[Haskell-beginners] All-in-one package?

Kyle Murphy orclev at gmail.com
Sat Aug 1 23:50:53 EDT 2009

FYI, I tried out leksah and it has a lot of promise but isn't yet at the
point and click install and run level that something like eclipse is. To
start with I'm pretty sure you can't download a pre-compiled binary for any
platform so before you can even use it you need to already have haskell and
the usual support utilities installed. It does have a build script that
should take care of actually assembling everything into a running
application but for windows users it's not going to be a simple process to
get all the pieces installed and running that you need to get it to build
(in my case I'm running XP 64 bit which apparently does not play nice with
the wxHaskell library as as soon as I mouse over any wxWidget objects it
crashes with a seg fault), although for an semi-experience linux user the
process should be relatively straightforward if a bit time consuming (in
fact most of the pre-reqs should already be installed). As for the actual
IDE itself once you finally get it installed it's not bad although being a
relative newbie to Haskell I probably don't appreciate fully all that it
offers. As others have said on here you'll probably get a bit more mileage
out of the pure GHCi environment as a newbie and then once you're
comfortable with that and ready for something a bit more powerful you can
pick up leksah (and hopefully it will be that much more polished at that
point as well). Some other tools to look at would be HLint (
http://community.haskell.org/~ndm/hlint/) and HaRe (
http://www.cs.kent.ac.uk/projects/refactor-fp/hare.html). A note on HaRe,
it's still pretty new itself and I can't speak to it's actual quality
because I haven't used it myself yet.

Having used GHC and the various other Haskell utilities on both a Linux
(Ubuntu) and Windows (XP Pro 64 bit) system, it's definitely more
straightforward on Linux (but what in the programming world isn't?) but at
least as far as the core of GHC is concerned it's not too bad on Windows.
With GHCi you can setup an external editor (I'm partial to notepad++ in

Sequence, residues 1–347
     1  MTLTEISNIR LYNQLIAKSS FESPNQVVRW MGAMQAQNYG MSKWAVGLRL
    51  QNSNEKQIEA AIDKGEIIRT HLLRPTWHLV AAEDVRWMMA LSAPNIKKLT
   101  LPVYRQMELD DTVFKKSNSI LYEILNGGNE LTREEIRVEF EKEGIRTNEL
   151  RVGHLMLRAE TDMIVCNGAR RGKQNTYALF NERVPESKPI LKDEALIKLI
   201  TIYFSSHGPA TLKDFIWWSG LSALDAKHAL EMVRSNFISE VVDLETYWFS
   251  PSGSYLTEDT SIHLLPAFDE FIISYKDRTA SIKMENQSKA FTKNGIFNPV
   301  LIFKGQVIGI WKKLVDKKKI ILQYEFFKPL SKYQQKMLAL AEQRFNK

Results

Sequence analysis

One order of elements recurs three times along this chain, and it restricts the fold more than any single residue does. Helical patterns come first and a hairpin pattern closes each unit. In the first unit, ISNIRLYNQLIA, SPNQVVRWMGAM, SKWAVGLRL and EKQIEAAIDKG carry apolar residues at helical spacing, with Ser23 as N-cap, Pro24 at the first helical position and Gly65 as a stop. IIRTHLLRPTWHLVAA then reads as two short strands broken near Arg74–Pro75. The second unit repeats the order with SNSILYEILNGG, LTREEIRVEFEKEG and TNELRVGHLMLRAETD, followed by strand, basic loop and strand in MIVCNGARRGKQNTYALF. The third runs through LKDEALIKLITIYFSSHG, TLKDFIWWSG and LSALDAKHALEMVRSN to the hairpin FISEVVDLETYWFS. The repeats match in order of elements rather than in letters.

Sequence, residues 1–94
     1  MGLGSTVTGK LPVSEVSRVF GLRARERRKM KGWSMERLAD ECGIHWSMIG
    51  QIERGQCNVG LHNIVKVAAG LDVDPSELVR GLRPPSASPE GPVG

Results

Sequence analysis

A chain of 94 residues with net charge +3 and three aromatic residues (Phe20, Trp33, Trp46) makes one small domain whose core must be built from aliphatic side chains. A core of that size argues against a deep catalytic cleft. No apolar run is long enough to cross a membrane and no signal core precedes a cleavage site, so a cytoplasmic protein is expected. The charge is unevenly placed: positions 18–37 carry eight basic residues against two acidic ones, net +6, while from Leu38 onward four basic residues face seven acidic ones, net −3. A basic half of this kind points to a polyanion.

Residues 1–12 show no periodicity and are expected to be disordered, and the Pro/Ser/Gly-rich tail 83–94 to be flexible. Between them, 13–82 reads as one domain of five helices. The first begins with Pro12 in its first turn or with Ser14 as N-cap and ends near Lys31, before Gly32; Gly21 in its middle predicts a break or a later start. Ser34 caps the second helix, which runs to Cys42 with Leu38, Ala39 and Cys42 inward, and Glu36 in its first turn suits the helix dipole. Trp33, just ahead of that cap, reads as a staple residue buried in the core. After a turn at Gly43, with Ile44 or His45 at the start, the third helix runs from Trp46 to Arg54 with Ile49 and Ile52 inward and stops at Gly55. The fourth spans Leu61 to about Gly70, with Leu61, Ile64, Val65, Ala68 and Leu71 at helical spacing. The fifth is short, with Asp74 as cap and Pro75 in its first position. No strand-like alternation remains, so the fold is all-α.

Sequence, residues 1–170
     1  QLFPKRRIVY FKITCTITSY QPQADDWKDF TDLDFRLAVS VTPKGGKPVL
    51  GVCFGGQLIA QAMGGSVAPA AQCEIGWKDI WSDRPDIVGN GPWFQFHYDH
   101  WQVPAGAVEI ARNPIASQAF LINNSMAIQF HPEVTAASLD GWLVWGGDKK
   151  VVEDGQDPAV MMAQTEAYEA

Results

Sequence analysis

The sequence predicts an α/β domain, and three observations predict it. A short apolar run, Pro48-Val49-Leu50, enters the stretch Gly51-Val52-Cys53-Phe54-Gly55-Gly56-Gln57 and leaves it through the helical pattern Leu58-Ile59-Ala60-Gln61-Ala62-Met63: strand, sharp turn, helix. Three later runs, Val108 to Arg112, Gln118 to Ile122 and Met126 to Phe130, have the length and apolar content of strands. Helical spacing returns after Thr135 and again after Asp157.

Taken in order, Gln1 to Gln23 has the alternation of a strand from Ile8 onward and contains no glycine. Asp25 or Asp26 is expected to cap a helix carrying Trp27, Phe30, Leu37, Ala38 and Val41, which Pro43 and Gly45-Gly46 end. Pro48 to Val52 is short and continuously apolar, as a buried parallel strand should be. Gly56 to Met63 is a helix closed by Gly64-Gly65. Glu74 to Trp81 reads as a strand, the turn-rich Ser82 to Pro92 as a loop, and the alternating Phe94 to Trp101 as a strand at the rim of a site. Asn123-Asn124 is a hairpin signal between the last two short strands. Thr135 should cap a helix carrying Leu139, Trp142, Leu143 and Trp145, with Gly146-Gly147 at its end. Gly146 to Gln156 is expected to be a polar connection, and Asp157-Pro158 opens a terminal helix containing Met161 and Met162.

windows) to be launched from inside GHCi so you can have a pretty standard
process where you fire up GHCi, load your file, and then call the edit
command which will launch your configured editor, you can make your changes,
save, and then have GHCi reload the updated file. You have essentially a
full development environment in two windows, although it's a bit awkward
swapping back and forth between GHCi to test and evaluate code and the
editor to essentially persist it.

On Sat, Aug 1, 2009 at 10:14 PM, ..: NicolafF :.. <nicolaff at gmail.com>wrote:

> i'm using http://leksah.org/
> El sáb, 01-08-2009 a las 21:08 -0500, Matt f escribió:
> > Hey... I'm new to Haskell, been working in Java for 5 months and have
> > decided to move up. Haskell is very much different than what I'm use
> > to and I'm wondering if there is a all-in-one package I can download
> > and just press install to get everything needed for Haskell. Something
> > that includes compilers, libraries, wxHaskell, OpenGl for Haskell,
> > ect... Like how Visual basic or Netbeans are.
> >
> >
> > A few more questions:
> > Is there an IDE?
> > If not, is there some program that will open Haskell files, edit them,
> > and be able to run them without any Terminal usage?
> > Is there an official forum for Haskell?
> >
> >
> > If Haskell had individual platform install packages installing
> > everything needed for Haskell without any hassle with a beginner
> > friendly forum and website, it'd become probably as popular as Java or
> > Vb.net. Is anything like this planned?
> >
> >
> >
> >
> > Thanks,
> > -Matt
> > _______________________________________________
> > Beginners mailing list
> > Beginners at haskell.org
> > http://www.haskell.org/mailman/listinfo/beginners
> _______________________________________________
> Beginners mailing list
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